A school safety forum hosted by the Nassau County Police Department at Hofstra University on Sept. 24 offered a detailed look at school shootings, cyber bullying and the opioid epidemic.
Parents and students witnessed a demonstration of how police react in the case of an active shooter, learned about an upcoming medical training program called Stop the Bleed, heard from recovery experts and engaged in a dialogue on cyber bullying.
Police Commissioner Patrick Ryder noted that the content was graphic, but said “You need to understand that this is reality. It’s no longer if it happens; it’s when it happens. And when it happens, we are prepared. This police department has never been so engaged with the superintendants and principals of this county.”
Superintendent Kenneth Card Jr. agreed and said that the district has increased its number of security guards at each building, added additional security personnel at its secondary schools for evening events, implemented visitor check-in protocols and will continue to conduct its fire and lockout/lockdown drills.
“The district will continue its “laser” like focus on improving overall safety and security throughout the district,” he said.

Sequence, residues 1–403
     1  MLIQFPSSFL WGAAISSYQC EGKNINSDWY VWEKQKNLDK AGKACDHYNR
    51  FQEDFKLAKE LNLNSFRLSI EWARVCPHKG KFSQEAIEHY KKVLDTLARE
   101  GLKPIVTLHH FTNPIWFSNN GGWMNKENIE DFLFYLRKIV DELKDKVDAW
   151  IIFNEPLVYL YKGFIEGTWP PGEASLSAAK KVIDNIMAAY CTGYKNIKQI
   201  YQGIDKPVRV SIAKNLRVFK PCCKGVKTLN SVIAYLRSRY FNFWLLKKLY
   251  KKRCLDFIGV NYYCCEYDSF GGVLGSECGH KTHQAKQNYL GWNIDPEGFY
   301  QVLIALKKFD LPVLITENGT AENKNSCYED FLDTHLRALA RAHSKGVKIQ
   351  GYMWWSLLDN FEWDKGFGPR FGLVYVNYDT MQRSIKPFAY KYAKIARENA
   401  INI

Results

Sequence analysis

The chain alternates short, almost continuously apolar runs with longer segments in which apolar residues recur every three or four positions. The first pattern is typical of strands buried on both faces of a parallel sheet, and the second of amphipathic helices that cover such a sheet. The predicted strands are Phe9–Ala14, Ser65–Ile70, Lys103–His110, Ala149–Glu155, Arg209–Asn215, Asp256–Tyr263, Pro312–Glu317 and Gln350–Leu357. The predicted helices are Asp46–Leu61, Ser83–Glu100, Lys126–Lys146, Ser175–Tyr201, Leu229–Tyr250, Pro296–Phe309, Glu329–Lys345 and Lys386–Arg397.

As overdose numbers are decreasing and the East Meadow School District is bolstering its security, community leaders are thinking of ways they could contribute.
“I am extremely pleased to see our local government and police so aggressively addressing all of these issues,” said Eileen Napolitano, a member of the Nassau County Police Department’s community council. “But there are so many different parts of this puzzle.”
Napolitano said that she was impressed with the incorporation into the Sept. 24 forum of “Stop the Bleed,” an educational program that could be brought into classrooms to teach students how to control bleeding — sometimes using whatever material they have on hand.
Napolitano also recognized how the topics discussed were all connected. For example, a student who is bullied online may resort to opioids or violence. “We must focus on mental health awareness, prevention, education and response,” she added.
At a meeting of the Council of East Meadow Community Organizations on Sept. 25, members discussed what they could do to reach out to children and prevent them from falling victim to any of the above dangers. President Joe Parisi proposed hosting a fair to showcase the community’s various community organizations, such as the East Meadow Baseball and Softball Association, Builders Club and Boy Scouts.